Angels Among Us

Friday morning, July 11, 2009, 9 a.m.
Such relief in letting go. The angels of the writing group embrace one another across the miles and give thanks for divine connection.
As I trust in the questions, do not judge suffering, open to whatever comes, there is such relief – call it joy – in yielding to what is rather than forcing what is not.
In this room of my own, I cocoon in grateful solitude, still bathed in the warmth of seeking souls in wonderful women.
In this quiet room, my mother safely downstairs with Michele the Godsend, I am alone but comforted by the wings of angels.
Beside me on the bedside table is Anne Lamott’s Grace (Eventually) which I got for my mother. It isn’t due for another week so I decided to read it. I see the same self-deprecating humor, wisdom and unique worldview of this writer I devoured in past years. I had forgotten her charm, believing she was no longer so loose and funny after finding a Christian God.
But now my own judgment is waning. Instead of angrily rejecting the spiritual container of my growing up years, I bathe in whatever blessings I can take from it. I am also reminded why so many of us turned to Buddhist philosophy and thoughts, culling from so many wise men and women the flowers of grace we find only there.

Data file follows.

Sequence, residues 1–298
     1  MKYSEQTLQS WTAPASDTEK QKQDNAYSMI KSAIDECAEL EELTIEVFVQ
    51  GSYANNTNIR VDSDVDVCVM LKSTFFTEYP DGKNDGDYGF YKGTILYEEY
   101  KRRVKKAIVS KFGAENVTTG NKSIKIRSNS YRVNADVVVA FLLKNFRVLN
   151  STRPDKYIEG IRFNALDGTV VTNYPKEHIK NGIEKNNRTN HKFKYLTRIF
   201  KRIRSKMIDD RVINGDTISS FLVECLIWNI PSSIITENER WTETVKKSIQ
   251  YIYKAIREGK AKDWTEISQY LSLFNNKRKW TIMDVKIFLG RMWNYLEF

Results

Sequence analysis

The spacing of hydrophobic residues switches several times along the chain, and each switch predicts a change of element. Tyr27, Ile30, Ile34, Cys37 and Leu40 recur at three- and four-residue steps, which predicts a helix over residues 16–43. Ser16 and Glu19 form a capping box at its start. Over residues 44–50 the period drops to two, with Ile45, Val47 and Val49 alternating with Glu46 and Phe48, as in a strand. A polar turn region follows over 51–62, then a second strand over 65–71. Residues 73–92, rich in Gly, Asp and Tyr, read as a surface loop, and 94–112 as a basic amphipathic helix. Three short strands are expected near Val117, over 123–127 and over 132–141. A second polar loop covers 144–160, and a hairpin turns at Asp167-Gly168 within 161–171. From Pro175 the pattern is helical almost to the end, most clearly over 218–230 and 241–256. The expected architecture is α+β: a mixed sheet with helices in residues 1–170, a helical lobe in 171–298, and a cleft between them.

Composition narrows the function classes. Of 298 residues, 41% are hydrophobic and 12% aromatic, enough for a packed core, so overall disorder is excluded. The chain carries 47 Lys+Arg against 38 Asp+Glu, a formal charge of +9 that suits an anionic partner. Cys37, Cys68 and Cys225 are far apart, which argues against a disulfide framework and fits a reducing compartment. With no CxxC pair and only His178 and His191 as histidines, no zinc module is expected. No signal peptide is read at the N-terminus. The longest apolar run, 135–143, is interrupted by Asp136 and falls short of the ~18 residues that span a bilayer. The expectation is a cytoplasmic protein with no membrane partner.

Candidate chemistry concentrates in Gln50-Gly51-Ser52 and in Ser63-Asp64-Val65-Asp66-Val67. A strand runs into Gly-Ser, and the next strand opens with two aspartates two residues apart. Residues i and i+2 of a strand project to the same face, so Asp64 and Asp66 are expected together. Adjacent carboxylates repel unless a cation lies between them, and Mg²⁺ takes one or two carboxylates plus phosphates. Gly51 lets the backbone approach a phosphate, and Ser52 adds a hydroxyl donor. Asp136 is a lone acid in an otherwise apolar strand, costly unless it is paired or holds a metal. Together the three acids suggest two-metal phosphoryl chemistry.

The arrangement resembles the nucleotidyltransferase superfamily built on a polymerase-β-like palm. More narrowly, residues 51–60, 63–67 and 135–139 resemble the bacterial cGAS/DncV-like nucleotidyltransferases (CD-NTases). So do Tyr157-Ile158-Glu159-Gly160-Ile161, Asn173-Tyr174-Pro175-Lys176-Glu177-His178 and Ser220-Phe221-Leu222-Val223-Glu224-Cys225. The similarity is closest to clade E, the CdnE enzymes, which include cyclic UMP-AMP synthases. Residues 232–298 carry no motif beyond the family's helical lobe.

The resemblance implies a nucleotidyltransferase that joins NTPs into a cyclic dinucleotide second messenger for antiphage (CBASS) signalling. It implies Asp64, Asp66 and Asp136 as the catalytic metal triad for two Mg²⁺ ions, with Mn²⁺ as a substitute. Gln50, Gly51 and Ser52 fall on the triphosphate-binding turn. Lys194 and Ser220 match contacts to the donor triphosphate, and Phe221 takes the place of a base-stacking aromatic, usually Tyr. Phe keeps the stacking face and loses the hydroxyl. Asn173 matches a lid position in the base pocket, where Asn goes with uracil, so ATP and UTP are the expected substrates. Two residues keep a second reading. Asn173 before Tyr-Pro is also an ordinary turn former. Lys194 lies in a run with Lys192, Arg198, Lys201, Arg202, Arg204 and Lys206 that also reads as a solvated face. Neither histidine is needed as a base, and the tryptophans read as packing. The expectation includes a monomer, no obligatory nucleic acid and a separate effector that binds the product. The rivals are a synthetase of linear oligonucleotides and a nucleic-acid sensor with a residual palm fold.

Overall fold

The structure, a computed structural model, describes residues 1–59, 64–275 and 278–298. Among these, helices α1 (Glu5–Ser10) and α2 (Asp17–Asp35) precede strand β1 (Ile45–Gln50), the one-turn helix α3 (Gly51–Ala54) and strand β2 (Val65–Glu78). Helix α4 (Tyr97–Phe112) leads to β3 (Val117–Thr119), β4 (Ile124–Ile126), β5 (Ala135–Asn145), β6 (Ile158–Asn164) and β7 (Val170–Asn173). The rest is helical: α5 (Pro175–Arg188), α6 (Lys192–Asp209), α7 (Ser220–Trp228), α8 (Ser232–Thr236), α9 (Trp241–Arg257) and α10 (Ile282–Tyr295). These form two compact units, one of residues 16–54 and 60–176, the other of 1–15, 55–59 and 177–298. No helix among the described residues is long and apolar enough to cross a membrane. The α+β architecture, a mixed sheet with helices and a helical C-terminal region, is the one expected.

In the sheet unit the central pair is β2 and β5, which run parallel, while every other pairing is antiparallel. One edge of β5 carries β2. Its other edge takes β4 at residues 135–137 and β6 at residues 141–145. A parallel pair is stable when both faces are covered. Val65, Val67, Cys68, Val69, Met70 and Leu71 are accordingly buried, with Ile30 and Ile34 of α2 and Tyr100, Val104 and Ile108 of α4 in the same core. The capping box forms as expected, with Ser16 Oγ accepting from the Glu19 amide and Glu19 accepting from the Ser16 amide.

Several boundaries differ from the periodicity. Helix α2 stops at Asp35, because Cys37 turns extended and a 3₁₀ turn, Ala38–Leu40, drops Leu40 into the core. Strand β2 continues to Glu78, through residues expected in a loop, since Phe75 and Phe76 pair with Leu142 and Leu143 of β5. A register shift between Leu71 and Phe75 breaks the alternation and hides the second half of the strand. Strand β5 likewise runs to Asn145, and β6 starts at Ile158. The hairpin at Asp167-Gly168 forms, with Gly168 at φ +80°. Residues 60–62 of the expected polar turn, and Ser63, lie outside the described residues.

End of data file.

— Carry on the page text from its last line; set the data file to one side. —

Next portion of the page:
In Lamott’s book I search for something I read last night, and on the way back through pages find a sentence I like. “There was meaning in pain; it taught you how to survive with a modicum of grace when you did not get what you wanted.”
But I continue back to the paragraph I felt connected to before sleep last night. “…I’d acquired a basic and wildly ecumenical faith cobbled together from shards I’d gathered in reading various wisdom traditions—Native American, Hindu, feminist, Buddhist, even Christian…My best teachers were mess, failure, death, mistakes, and the people I hated, even myself.”
Ahhh. I feel exhausted from my struggle and now relieved of the burden of trying to make sense of it or be strong. I can just be alone in this room of my own, read, and rest. Thank you, God, and angels I can’t see but know are there.

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